Senior citizens mostly own their own homes; typically, the home either has little or no mortgage debt. The people who live in the more-or-less unencumbered home like it just fine and may not be able imagine living elsewhere; so the value, up or down, is not such a big deal. If the value has been reduced by the Great Credit Debacle by a third, so what?—the house is not for sale. It is still a comfy place to live.
Lots of others—those who are not seniors—who bought housing, aka subscribing to the American Dream of home ownership, seems to have been burned by the 2008 experience—paying off a $500 thousand home that suddenly decreases in value to $250 thousand or less, is a very big deal. People who get burned get fearful.
Lots of former homeowners are now renters. Some were hurt so badly that they may never buy again. Lots of new construction is directed towards rental units now. In an economic sense, it’s good that something is being built and that people are going to occupy what’s in the works. Many, who do want homes, are putting off ownership for the time being; some of those are saving for big down payments. I know of a couple who are doing that very thing. If I know one couple, there are probably many couples and individuals who are doing the same. This should translate to high down payments for homes, generating low-interest, low-amount monthly payments and this also may be good for economic stability.
When home buyers work with a bank, the mortgage is created and then sold off to investors, thus transferring the risk. It used to be that the bank held the mortgage for its life—bankers, though, seem to find it appealing to shift or eliminate risk. And, if the bank does not hold the mortgage for long, it may not have to investigate the creditworthiness of the borrower as completely as it did when it was making a 30-year commitment.
Willie “the Actor” Sutton, was right when he was asked about stealing from banks. His credited reply: “…because that’s where the money is.” This was about banks in the 1920s and 1930s, but the thought about where the money is—it’s still right today. Banks always seem to engineer a good deal, even when they are in trouble, as in 2008. I think of national banks as a quasi-extension of the federal government, a greedy branch of our democratic system that is always looking for an edge, like the repeal of Glass-Steagall in 1999.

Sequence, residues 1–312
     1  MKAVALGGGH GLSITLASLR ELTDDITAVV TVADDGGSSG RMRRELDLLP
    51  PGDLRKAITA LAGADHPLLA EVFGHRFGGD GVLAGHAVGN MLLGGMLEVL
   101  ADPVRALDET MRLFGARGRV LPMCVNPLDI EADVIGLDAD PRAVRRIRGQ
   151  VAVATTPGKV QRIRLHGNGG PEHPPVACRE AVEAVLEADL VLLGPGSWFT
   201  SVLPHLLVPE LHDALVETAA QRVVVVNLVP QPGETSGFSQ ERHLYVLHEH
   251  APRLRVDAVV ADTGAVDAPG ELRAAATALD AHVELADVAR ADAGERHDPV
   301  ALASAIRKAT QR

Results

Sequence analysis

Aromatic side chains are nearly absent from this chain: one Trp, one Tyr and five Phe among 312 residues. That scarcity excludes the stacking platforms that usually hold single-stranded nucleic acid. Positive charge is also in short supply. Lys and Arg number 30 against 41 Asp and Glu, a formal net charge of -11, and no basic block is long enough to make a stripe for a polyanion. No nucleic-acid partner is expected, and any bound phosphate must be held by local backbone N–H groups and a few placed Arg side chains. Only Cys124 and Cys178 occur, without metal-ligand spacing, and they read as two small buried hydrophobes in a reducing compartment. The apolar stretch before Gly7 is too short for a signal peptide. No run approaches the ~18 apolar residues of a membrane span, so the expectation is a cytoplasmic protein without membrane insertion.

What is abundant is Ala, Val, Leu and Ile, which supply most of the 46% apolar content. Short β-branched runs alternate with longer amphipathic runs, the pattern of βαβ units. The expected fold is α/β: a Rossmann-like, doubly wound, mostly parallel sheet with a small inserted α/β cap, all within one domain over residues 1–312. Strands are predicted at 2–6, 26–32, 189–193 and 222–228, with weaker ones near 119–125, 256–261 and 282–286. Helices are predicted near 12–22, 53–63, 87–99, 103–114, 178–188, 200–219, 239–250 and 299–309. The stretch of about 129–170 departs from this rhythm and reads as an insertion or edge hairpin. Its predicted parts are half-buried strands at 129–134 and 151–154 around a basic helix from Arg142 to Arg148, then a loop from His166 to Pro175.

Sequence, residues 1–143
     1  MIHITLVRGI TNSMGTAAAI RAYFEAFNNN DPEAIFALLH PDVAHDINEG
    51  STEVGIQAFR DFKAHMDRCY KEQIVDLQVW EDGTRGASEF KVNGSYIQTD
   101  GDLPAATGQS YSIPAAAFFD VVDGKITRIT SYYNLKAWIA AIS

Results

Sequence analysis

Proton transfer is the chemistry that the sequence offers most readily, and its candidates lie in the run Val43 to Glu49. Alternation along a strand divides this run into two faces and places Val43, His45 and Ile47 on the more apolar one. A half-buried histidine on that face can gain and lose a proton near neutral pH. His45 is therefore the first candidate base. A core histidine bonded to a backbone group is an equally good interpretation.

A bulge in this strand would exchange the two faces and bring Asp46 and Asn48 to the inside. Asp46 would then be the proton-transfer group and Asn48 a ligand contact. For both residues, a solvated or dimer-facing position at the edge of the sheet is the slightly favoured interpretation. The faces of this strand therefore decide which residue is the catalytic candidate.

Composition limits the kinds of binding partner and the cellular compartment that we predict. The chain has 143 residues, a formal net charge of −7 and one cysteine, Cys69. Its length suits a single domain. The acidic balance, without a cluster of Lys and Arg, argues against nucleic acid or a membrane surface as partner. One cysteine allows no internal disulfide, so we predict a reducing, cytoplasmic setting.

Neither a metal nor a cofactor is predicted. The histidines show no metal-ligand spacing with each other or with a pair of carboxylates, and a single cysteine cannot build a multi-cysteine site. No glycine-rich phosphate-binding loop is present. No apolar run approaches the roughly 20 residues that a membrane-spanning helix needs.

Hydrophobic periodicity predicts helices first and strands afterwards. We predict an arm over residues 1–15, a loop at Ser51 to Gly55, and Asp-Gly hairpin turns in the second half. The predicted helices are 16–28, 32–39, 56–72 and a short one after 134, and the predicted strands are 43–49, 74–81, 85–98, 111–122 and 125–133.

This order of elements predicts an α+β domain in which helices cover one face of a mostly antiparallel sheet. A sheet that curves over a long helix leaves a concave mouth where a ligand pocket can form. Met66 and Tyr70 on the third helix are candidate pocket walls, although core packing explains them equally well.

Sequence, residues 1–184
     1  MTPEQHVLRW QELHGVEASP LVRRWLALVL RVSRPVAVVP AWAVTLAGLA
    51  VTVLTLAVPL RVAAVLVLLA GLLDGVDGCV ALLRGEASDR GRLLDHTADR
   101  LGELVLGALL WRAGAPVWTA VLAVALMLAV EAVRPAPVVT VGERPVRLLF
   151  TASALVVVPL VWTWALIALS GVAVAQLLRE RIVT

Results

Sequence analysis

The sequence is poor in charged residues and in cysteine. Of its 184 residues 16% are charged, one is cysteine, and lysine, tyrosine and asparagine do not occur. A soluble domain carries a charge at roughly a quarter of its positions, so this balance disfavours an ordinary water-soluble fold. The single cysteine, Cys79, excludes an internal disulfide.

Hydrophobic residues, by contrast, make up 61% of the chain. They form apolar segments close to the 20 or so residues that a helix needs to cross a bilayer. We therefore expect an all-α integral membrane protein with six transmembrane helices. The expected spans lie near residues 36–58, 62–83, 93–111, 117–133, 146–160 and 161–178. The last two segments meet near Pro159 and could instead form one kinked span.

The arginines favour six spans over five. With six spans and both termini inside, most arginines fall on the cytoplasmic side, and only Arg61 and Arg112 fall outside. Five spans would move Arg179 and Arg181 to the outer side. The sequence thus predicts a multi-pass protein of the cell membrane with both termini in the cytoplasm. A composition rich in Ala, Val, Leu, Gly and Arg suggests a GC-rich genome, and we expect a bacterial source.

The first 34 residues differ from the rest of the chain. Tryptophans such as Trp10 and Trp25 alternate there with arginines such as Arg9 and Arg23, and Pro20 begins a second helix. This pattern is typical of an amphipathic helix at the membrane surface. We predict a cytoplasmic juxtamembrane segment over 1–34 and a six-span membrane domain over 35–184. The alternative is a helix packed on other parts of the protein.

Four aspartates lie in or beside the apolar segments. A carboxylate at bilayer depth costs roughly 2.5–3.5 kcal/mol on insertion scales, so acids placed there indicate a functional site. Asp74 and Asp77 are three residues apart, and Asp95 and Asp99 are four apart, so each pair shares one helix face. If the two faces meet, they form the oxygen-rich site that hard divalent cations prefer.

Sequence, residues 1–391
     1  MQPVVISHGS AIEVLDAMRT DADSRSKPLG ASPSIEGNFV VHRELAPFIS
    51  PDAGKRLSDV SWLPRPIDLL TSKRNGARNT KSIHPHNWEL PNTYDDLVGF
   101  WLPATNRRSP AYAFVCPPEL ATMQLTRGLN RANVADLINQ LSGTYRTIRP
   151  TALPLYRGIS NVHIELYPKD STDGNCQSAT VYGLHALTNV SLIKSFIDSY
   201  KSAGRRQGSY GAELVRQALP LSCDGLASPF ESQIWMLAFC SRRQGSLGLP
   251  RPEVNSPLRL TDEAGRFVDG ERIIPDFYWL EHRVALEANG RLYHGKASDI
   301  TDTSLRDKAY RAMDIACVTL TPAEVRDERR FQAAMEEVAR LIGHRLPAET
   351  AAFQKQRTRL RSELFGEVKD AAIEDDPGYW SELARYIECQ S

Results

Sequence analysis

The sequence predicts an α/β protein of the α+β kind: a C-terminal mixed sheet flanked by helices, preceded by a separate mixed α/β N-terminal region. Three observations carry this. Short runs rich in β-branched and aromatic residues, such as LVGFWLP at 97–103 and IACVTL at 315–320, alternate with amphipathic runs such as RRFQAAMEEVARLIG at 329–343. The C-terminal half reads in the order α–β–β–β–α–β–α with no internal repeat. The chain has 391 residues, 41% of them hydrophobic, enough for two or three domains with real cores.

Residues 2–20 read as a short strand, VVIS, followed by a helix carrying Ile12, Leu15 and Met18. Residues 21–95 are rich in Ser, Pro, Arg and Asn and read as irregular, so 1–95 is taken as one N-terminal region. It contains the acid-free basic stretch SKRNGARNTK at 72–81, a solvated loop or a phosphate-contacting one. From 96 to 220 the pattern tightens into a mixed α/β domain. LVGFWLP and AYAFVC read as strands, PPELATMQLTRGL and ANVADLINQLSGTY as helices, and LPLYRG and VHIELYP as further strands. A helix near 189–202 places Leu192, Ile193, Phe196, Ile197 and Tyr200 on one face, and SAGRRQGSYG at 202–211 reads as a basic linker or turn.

Since 2008 demonstrated that Glass-Steagall, separating commercial and investment banking, was almost certainly an excellent idea, instead of bringing the act back after the Great Credit Debacle, the bankers have lobbied for (and gotten) new comprehensive difficult-to-comprehend legislation that somehow still allows the questionable activity that was prohibited by Glass-Steagall. Sutton also was reported to have said, about often using a Thompson 45-caliber machine gun in his banking transactions, “You can’t rob a bank on charm and personality.” Banks though, often seem able to rob the U.S. taxpayer through charm and personality—they pay a fine here and there, but in the end, the thought was and is right—banks are where the money is.
Wherever the money, I am bullish on the U.S. I think credit behavior is slowly changing for the better and that improved consumer behavior will be better for long-term financial stability. I even see some positive movement in the pension industry—government and providers are finally seeing what many of us have known for years—for many, defined contribution plans are not a great bet for providing future retirement stability.
Have a sensational week and don’t even think about robbing a bank, okay? Willie Sutton spent many, many years in various prisons. Despite his skill at escaping, he was always eventually caught. He lived until 1980 and he almost certainly did not really provide either of the quotes cited above. Apparently, though, he did say this about Jimmy Carter, during an interview in 1978: “I’ve never seen a bigger confidence man in my life and I’ve been around some of the best in the business.”